Rollo
).On June 5, 1984, respondent's Motion for Reconsideration merited the nod of approval of the appellatecourt brought about by private respondent's suggestion that the controlling ruling is that laid downin
Philippine Refining Co
.
 , Inc
.
vs
.
Ng Sam
(115 SCRA 472 [1982]),
 ESSO Standard Eastern, Inc
.
vs
.
Court of Appeals
(116 SCRA 336 [1982]);
 Hickok Manufacturing Co
.
 , Inc
.
vs
.
CA
(116 SCRA378 [1982]), and
 Acoje Mining Co
.
 , Inc
.
vs
.
Director of Patents
(38 SCRA 480 [1971], to the effect thatthe identical trademark can be used by different manufacturers for products that are non-competing andunrelated. (pp. 34-36,
 Rollo
)Petitioner is of the impression that respondent court could not have relied on the rulings of this Court inthe
 ESSO
and the
PRC 
cases when the original decision was reconsidered since respondent court alreadyexpressed the opinion in the text of the previous discourse that the facts in said cases "are not found in thecase at bar" (Page 12, Brief for the Petitioner, Page 202,
 Rollo
). Petitioner likewise emphasis American jurisprudential doctrines to the effect that sale of cosmetics and wearing apparel under similar marks is
 
likely to cause confusion. Instead of applying the
 ESSO
,
PRC 
and
 Hickok 
cases, petitioner continues toasseverate, the rule as announced in
 Ang vs
.
Teodoro
(74 Phil. 50 [1942]) as reiterated in
Sta
.
Anavs
.
Maliwat and Evalle
(24 SCRA (1968) 101) should be applied.In additional, it seems that petitioner would want this Court to appreciate petitioner's alleged applicationfor registration of the trademark "BRUT 33 DEVICE" for briefs as an explicit proof that petitionerintended to expand its mark "BRUT" to other goods, following the sentiment expressed by Justice J.B.L.Reyes in the
Sta
.
Ana
case (
supra
, at page 1025) that relief is available where the junior user's goods arenot remote from any product that the senior user would be likely to make or sell (Pages 26-27, Brief forthe Petitioner).Besides, petitioner insists that in view of the repeal of Republic Act No. 166 (which advocated the relatedgoods theory) by Republic Act No. 666 which deleted the phrase found in the old law that themerchandise must be substantially the same descriptive properties, respondent Court should have heededthe pronouncement in the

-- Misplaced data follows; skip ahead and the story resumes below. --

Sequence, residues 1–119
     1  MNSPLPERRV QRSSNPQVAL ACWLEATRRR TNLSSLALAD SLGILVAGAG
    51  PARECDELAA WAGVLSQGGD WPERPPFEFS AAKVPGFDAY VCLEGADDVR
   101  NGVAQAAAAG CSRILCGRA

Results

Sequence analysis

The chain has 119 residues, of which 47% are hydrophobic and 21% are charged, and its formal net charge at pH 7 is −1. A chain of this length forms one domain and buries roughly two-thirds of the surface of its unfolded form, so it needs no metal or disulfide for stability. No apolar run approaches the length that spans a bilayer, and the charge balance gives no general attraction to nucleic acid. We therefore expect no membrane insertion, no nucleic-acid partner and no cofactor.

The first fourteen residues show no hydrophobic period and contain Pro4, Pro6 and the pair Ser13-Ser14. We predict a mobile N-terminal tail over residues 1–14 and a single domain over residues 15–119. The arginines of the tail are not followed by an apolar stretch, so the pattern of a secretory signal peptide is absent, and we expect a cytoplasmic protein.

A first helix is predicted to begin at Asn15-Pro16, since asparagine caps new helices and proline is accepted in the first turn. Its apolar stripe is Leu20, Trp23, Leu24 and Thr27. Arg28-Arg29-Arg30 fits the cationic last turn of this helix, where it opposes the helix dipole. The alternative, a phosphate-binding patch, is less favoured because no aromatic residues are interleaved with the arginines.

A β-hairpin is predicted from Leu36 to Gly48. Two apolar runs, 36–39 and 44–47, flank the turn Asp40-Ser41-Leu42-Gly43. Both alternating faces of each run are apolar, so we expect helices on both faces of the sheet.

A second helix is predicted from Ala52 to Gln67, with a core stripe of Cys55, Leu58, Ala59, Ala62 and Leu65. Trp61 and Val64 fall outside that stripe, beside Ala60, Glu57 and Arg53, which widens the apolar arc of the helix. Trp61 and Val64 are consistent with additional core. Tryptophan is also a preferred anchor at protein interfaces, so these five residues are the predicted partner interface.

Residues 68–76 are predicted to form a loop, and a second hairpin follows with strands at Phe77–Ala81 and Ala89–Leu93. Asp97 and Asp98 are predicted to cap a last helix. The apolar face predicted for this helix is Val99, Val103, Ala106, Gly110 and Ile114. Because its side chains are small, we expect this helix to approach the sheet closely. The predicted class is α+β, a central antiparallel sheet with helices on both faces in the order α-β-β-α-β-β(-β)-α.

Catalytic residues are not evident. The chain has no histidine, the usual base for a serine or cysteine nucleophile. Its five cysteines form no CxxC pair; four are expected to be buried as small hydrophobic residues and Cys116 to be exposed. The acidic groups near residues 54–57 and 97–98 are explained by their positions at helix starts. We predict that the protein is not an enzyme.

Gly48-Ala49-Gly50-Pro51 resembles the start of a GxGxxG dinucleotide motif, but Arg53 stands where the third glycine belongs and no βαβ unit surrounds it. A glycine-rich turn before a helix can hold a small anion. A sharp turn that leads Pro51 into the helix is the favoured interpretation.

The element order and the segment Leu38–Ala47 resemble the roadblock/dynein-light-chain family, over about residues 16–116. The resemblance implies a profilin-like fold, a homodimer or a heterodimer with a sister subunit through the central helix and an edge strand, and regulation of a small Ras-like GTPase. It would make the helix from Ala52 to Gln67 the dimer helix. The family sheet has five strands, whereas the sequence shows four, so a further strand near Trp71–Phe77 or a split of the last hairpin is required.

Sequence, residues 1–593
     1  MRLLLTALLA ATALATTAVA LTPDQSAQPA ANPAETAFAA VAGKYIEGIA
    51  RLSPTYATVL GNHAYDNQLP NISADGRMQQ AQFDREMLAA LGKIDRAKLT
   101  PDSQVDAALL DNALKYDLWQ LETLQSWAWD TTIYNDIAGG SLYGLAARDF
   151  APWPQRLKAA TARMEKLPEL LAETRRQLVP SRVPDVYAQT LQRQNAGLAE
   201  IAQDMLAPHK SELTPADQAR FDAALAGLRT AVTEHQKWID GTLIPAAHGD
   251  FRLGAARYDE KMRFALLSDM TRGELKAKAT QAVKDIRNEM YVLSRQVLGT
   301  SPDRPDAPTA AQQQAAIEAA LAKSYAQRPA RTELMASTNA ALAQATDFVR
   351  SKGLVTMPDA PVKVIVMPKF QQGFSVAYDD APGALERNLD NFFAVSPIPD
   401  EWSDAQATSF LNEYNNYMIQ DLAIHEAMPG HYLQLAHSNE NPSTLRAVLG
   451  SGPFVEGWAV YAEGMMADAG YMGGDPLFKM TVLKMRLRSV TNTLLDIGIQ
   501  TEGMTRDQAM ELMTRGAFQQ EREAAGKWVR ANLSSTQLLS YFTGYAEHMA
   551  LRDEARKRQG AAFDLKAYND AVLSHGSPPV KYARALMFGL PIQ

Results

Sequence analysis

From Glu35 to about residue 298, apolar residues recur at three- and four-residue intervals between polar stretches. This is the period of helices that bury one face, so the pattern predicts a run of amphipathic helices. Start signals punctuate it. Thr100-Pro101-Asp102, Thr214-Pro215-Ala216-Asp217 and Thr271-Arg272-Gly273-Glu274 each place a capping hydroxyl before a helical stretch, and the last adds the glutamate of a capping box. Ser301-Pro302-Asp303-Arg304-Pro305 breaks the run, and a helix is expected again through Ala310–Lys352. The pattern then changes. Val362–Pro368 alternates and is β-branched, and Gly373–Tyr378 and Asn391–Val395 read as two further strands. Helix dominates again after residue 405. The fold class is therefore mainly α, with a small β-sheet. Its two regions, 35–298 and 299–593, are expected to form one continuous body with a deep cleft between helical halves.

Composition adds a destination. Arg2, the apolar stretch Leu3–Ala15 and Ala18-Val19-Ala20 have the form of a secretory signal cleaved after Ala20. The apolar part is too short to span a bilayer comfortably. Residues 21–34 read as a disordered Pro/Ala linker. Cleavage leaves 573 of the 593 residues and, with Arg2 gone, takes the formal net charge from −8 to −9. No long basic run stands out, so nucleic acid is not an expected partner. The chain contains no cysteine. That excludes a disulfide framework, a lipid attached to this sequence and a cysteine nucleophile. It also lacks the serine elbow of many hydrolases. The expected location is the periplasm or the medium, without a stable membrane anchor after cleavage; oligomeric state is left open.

Ang
case that there can be unfair competition even if the goods arenoncompeting (
supra,
at page 54).On the other hand, private respondent echoes the glaring difference in physical appearance of its productswith petitioner's own goods by stressing the observations of the Director of Patents on May 3, 1978:Considered in their entireties as depicted in the parties' sample box and can containers, the involvedtrademarks are
grossly different in their overall appearance
that even at a distance a would-be purchasercould easily distinguish what is BRUTE brief and what is BRUT after shave lotion, lotion and the like.Opposer's mark BRUT or BRUT 33, as shown in Exhibit "6", is predominantly colored green with a blueand white band at the middle portion of the container. Also appearing therein in bold letters is opposer'sname "FABERGE" and a notation "Creme Shave". On the other hand, respondent's mark as shown inExh. "4-A" prominently displays the representation of a muscular man, underneath of which appears thetrademark BRUTE with a notation "Bikini Brief" . . . Equally visible at the other portions of respondent'slabels are the pictorial representation of "briefs" which unmistakably suggest that the product contained inthe box container is that of a man's brief. The fact therefore is obvious that the goods upon which theconflicting trademarks are used are clearly different and the intended purpose of such goods are likewisenot the same. Accordingly, a purchaser who is out in the market for the purpose of buying respondent'sBRUTE brief would definitely be not mistaken or misled into buying instead opposer's BRUT after shavelotion or deodorant.Additional, the meaning or connotation of the bare word marks of opposer, BRUT, and BRUTE of respondent, are clearly different and not likely to be confused with each other. BRUT simply means"dry", and also, "to browse"; while BRUTE means "ferocious, sensual", and in Latin, it signifies "heavy".Gleaned from the respective meanings of the two marks in question, they both suggest theresultant
effects
of the application of the products, upon which the said trademarks are employed, whichfact all the more renders confusion or deception of purchasers a remote possibility.The products covered by petitioner's trademarks "BRUT" and "BRUT 33 & Device" enjoying its so-called "goodwill" are after-shave lotion, shaving cream, deodorant, talcum powder, toilet soap, anti-perspirant, personal deodorant, cream shave, after shave/shower lotion, hair spray and hair shampoo.Petitioner has never applied for, registered nor used its trademarks for briefs in commerce or trade in the